Or, if for the line,
"δίφρον ἀεικέλιον καταθεὶς ὀλίγην τε τράπεζαν (diphron aeikelion katatheis oligen te trapezan),
"Setting an unseemly couch and a meager table, "
"δίφρον μοχθηρὸν καταθεὶς μικράν τε τράπεζαν (diphron mochtheron katatheis mikran te trapezan).
"Setting a wretched couch and a puny table. "
Or, for ‘ἠιόνες βοόωσιν’ (eiones booosin), 'the sea shores roar,' ἠιόνες κράζουσιν (eiones krazousin), 'the sea shores screech.'
Again, Ariphrades ridiculed the tragedians for using phrases which no one would employ in ordinary speech: for example, ‘δωμάτων ἄπο’ (domaton apo), 'from the house away,' instead of ‘ἀπὸ δωμάτων’,(apo domaton), 'away from the house;' ‘σέθεν’ (sethen), ‘ἐγὼ δέ νιν’, (ego de nin), 'to thee, and I to him;' ‘Ἀχιλλέως πέρι’ (Achilleos peri), 'Achilles about,' instead of ‘περὶ Ἀχιλλέως’ (peri Achilleos), 'about Achilles;' and the like. It is precisely because such phrases are not part of the current idiom that they give distinction to the style. This, however, he failed to see.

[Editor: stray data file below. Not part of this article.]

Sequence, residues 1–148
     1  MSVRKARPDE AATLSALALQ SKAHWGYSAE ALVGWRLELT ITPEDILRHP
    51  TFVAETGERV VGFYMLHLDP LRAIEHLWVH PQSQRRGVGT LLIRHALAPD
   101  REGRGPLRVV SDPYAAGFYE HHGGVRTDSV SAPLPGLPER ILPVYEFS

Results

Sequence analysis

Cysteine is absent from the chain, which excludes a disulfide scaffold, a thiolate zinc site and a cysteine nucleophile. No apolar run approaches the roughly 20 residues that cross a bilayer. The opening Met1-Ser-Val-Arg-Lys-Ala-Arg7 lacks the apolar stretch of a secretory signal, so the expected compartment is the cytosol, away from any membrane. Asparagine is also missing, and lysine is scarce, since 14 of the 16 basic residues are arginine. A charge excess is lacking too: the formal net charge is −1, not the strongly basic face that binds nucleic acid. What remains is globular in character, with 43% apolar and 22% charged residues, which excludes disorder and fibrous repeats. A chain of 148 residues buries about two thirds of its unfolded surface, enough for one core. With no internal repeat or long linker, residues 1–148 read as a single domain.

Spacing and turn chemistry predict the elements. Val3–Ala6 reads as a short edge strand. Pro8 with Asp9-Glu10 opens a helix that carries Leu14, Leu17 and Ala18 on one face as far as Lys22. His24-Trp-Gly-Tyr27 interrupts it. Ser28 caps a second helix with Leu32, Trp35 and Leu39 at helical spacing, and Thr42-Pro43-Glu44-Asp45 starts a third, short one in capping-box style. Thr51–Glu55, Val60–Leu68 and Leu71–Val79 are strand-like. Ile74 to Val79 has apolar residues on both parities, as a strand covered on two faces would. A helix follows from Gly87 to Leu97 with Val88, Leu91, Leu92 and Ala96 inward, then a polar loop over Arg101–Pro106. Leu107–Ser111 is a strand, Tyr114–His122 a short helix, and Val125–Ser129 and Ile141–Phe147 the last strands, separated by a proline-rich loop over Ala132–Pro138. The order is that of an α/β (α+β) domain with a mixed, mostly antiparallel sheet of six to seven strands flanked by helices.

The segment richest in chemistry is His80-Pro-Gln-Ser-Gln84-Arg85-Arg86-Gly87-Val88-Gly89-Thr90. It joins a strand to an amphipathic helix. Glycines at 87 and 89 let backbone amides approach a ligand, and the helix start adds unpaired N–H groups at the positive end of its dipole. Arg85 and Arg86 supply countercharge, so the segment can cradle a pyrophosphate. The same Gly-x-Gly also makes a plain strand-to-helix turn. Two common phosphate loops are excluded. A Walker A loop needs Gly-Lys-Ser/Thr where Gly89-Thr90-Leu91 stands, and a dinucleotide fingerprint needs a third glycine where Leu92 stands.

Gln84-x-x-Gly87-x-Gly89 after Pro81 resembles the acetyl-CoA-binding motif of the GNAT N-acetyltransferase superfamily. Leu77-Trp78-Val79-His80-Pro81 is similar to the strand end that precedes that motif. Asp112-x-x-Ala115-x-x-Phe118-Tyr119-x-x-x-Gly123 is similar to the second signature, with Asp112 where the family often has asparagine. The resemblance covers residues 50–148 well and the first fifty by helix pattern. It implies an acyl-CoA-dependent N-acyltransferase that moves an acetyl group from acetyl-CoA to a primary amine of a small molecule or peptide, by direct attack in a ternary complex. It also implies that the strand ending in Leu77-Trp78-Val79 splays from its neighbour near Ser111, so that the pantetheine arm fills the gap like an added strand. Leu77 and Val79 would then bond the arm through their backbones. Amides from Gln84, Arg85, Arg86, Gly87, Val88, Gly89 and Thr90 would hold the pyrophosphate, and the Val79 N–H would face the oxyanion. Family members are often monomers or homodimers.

It is a great matter to observe propriety in these several modes of expression, as also in compound words, strange (or rare) words, and so forth. But the greatest thing by far is to have a command of metaphor. This alone cannot be imparted by another; it is the mark of genius, for to make good metaphors implies an eye for resemblances.
Of the various kinds of words, the compound are best adapted to dithyrambs, rare words to heroic poetry, metaphors to iambic. In heroic poetry, indeed, all these varieties are serviceable. But in iambic verse, which reproduces, as far as may be, familiar speech, the most appropriate words are those which are found even in prose. These are the current or proper, the metaphorical, the ornamental.
Concerning Tragedy and imitation by means of action this may suffice.